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Monday, January 31, 2011

Procreation

In today's Globe and Mail, there is an interesting piece by Sarah Hampson on parenthood. She argues that it is trendy for women to be publicly proclaiming what was previously taboo to admit: having children is challenging, sometimes unpleasant and does not necessarily lead to happiness. While complaining about domestic duties and economic inequality was the issue du jour for our mothers, complaining about parenting is what women do today. I guess that makes me fit right in.

I can't argue with her either. Obviously from this blog it is clear that I find parenting challenging and often unpleasant and I would say that the majority of conversations that I have with my friends who are also parents involves complaining about our children.

I have also realized, through my studies in psychology, and anecdotally through my conversations with my girlfriends, that having young children is very hard on a marriage. I don't know anyone who would disagree with this. Is this why so many marriages fall apart? It's hard to say. But the good thing is that a lot of the issues involved in parenting small children that cause marital strain end naturally as children grow up, so if you can wait it out, there is a good chance that your marital relationship can heal.

Hampson also argues that you should not go into parenthood expecting it to make you happy and blissful, because that is simply a myth, just as it was a myth that marriage and being a good wife was going to make our mothers happy. What having children does do she says is this:

Anyone who has been through the crucible of parenthood - and it is a life-altering one - knows that it's not going to make you blissful all the time. What it provides are lessons in vunerability, patience, humility and love it its most generous form. It doesn't plant a beatific smile on your face as much as give you a kick in the butt to say that life is not all about you and your next manicure appointment. When you adjust to the change, there's rick great beauty in the acceptance.

I couldn't agree more.

And yet it's a funny thing. Do I regret having children? Never. Do I envy the few friends I have who have chosen to remain childless? Not at all. If anything I feel sorry for them, which is silly because they are happy with their choice and research backs up the fact that married people who are childless by choice are equally as happy, if not happier than their married peers who have children. I just always wonder if there will come a time when they regret their choice.

Will knowing that parenting is difficult and unlikely to lead to happiness decrease the likelihood that a woman (or man) will want to have children? I doubt it. I think there must be some biological drive involved. Of course you can never fully understand what being a parent is like until you are a parent. But still, I remember when Adam and I decided to start a family how strong that drive was for me. Really nothing else mattered to me at the time. And again, when we were trying to conceive the second time, having another baby took on primary significance in my life. And there is nothing you could have said to me that would have lessened that drive.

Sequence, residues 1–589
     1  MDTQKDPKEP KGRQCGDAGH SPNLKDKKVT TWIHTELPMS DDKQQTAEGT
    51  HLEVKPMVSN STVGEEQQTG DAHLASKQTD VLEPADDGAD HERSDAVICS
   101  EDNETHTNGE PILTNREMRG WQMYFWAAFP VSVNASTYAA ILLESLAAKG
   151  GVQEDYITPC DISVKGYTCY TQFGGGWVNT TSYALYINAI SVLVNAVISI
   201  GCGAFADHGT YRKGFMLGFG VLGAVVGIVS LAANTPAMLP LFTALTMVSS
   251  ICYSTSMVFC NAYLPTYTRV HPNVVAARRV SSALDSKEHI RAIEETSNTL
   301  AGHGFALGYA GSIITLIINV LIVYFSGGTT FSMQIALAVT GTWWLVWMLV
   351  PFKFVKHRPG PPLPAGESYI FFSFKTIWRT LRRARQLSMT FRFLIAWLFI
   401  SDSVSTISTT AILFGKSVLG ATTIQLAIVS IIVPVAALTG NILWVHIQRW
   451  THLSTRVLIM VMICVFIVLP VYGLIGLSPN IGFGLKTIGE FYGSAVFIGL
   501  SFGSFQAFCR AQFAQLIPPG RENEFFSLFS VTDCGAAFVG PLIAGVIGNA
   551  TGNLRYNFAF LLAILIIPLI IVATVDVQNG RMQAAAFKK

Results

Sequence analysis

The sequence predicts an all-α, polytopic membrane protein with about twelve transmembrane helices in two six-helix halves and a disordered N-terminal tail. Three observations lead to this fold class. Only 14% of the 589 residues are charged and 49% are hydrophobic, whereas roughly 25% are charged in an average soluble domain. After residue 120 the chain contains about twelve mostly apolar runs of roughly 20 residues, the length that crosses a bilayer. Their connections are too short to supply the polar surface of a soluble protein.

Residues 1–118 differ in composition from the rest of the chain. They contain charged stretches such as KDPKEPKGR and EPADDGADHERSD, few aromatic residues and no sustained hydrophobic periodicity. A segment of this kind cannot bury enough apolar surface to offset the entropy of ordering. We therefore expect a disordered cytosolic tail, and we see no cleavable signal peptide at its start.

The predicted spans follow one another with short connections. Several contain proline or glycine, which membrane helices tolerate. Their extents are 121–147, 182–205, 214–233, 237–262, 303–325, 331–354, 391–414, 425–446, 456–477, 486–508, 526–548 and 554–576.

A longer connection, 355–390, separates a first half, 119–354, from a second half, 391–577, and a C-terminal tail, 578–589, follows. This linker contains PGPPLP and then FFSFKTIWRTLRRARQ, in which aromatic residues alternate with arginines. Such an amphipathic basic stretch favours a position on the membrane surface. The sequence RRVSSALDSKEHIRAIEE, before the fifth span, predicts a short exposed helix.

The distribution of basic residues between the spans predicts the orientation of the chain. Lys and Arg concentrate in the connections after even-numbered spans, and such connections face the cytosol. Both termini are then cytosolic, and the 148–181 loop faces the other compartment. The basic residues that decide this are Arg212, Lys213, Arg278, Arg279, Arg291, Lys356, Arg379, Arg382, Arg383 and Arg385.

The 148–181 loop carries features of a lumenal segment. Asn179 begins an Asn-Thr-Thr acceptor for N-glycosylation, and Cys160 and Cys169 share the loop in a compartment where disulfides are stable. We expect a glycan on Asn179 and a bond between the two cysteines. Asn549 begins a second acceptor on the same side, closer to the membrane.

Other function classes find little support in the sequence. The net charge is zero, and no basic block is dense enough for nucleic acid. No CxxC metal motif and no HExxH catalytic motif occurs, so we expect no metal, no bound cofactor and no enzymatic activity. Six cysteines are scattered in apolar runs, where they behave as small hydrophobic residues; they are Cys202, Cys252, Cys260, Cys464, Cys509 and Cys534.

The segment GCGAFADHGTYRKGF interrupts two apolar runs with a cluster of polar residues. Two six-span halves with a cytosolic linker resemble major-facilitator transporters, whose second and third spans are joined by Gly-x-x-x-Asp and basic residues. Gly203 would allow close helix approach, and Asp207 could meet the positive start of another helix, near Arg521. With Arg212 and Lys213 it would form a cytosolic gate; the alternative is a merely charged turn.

The infertility literature has produced some interesting data. There are studies showing that parents who go through IVF to conceive, are somewhat more satisfied with parenting than those who conceive naturally. This is not surprising since anyone who goes through IVF - at least in places where you have to pay for it out-of-pocket - is likely to be older and upper middle class. Also, IVF pregnancies are obviously all planned, so parents may feel better prepared, and possibly more grateful for parenthood.

But the reality is, parenting is still challenging for women who go to great lengths to get pregnant, and they are still at risk for postpartum depression and other psychological and emotional issues associated with parenting. When I was trying to get pregnant with Little A, even though I already had one child, the thought of not having a second and making my family "complete", made me dispondant. So I was incredibly shocked when I was hit with postpartum depression and anxiety. "But isn't this what I wanted?" I kept asking myself.

While Hampson's tone in this piece was somewhat derisive, I feel that this increasing openness about the realities of parenting is healthy. No, it's not going to change anyone's mind about having children if they desire a family. But it allows parents to support one another during some of the most difficult life stages.

I do think that normalizing the fact that having young children places strain on a marriage could perhaps save some unions that might otherwise end prematurely. In fact, I think it makes perfect sense that in addition to becoming a miscarriage/infertility counsellor, I am going to offer couples counselling. Support while struggling to get pregnant...and then once they have children, support for overwhelmed parents on how to manage their relationship.

What I am NOT going to offer as a professional is parenting advice...no, that's an area where I doubt I will ever be an expert!

In any case, as my good friend, Jess, and I discussed yesterday, it only takes a few moments of bliss here and there (e.g. your kids hugging, before scratching each other's eyes out) to make it all worth it.

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